Like George Romero’s classic zombie films, humans are always the biggest threat in a zombie apocalypse, and the film is filled with gripping drama. With the world infested with fast-moving zombies, there’s a dark desperation to the journey that makes the film as heartbreaking as it comes to a halt.

6 Diabolical (1955) – 96%

Evil couple moving the body

Diabolical is a rare horror film that truly proves the adage that less is more. When a schoolmaster’s wife and mistress conspire to kill him, the duo think they have the perfect alibi for the crime. Unfortunately for the killers, their guilt comes back to haunt them in the form of the ghost of the dead.

Slow and full of suspense, the film creeps over the viewer with a growing sense of impending doom. The gray and dreary visuals help add to the haunted nature of the story, and it all builds to a truly shocking climax. Although tame by modern horror movies, Diabolical achieves a level of suspense that few movies could muster.

5 The Ring (1998) – 97%

Ring 1998 Sadako coming off TV

Ghost stories have been a part of cinema since the beginning, but few movies have reinvented the haunting like the ring. A journalist and her ex-husband discover a mysterious videotape supposed to kill anyone seven days after viewing it.

the ringIts power comes from its unwavering suspense and the inevitability of its horror. The film’s ghosts are some of the most unique ever seen in cinema, and the images burn forever in the viewer’s mind. In testament to the movie’s power, even the watered-down American remake was a certified cooler.

4 Let the Good In (2008) – 98%

Eli standing in Let the Right One In.

At a time when the creepy reputation of the vampire had been somewhat tarnished, Leave the one on the right in showed they could still be scary. A young boy is bullied by his classmates and forms a relationship with a strange girl who helps him get revenge on those who have wronged him.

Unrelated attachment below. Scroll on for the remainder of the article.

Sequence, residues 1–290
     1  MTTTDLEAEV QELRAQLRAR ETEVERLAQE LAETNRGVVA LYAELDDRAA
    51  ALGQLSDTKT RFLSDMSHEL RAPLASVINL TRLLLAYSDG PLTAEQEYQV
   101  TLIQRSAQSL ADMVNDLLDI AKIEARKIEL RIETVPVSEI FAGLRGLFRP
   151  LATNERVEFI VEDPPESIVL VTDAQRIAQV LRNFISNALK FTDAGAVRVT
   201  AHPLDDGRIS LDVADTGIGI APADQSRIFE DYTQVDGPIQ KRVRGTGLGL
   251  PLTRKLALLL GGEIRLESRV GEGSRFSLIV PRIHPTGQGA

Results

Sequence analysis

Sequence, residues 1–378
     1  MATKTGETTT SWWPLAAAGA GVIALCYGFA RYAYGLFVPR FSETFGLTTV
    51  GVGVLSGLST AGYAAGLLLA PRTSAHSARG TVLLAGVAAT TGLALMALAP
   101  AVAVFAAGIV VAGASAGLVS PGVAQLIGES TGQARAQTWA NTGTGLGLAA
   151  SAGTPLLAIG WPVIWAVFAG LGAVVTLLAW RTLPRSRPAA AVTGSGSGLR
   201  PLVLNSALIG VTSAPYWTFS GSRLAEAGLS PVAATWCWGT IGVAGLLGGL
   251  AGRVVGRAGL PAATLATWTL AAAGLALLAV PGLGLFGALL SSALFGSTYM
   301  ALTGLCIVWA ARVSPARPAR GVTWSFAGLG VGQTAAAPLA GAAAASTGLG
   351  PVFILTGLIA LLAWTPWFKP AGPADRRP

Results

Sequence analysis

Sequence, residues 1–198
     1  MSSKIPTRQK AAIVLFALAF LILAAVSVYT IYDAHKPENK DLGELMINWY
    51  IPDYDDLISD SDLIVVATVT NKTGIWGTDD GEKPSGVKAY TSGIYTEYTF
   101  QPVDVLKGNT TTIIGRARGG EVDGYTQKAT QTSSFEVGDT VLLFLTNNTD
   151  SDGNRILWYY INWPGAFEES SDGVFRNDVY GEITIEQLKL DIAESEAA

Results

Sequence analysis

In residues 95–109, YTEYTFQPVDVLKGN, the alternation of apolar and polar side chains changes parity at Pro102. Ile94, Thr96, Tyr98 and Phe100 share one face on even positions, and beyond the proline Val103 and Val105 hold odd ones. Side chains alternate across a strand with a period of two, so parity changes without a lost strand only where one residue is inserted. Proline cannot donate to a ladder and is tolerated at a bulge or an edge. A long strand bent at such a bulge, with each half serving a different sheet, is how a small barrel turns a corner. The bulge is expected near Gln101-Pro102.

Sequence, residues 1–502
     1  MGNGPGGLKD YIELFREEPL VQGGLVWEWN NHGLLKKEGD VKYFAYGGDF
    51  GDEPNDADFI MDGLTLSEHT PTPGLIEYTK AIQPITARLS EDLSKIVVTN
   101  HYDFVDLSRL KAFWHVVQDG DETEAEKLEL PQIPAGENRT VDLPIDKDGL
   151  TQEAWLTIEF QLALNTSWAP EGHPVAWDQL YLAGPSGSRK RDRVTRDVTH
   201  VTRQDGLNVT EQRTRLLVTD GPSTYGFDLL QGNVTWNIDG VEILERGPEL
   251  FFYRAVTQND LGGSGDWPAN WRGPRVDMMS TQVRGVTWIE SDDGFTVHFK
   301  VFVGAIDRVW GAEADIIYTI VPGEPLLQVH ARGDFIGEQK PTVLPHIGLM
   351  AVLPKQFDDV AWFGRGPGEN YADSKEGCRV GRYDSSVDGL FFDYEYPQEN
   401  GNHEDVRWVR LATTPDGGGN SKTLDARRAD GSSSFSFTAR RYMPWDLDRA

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By focusing its story on two children, the film is made doubly scary. The snowy landscapes of Scandinavia are the perfect backdrop for a gory horror story, and the film is a fine glimpse into the madness. Simplicity is the key, and Leave the one on the right in knew exactly where to go big with its nightmarish premise.

3 Faceless Eyes (1960) – 98%

Chritsiana with a new face in Eyes Without A Face.

Free from gore and free from jump scares, faceless eyes is a terrifying journey. A surgeon accidentally leaves his young daughter disfigured and decides to do everything to give her a new face, even resorting to murder.

One of the most terrifying French films of all time, faceless eyes had a huge impact on horror cinema. Although she’s not a villain, Louise’s expressionless face foreshadows the masks of future slashers like Michael Myers. Using subtlety throughout, the film isn’t overtly horrifying and is instead a chilling descent into murder and mayhem.

2 The Cabinet of Dr. Caligari (1920) – 99%

A still from the silent film The Cabinet of Dr. Caligari.

Proof that film is ultimately a visual medium, The Office of Dr. Caligari is one of the most terrifying silent films of all time. An evil hypnotist named Dr. Caligari uses a man under his spell to commit a series of crimes against the people who have wronged him.

Although the film is thin in the plot department, it is filled with a rich tapestry of dreamlike imagery. The German Expressionist style of cinema included painted shadows and distorted sets that give the whole film a stage feel. Caligari would forever shape the horror landscape and even inspire future filmmakers like Tim Burton to incorporate the expressionist style into his films.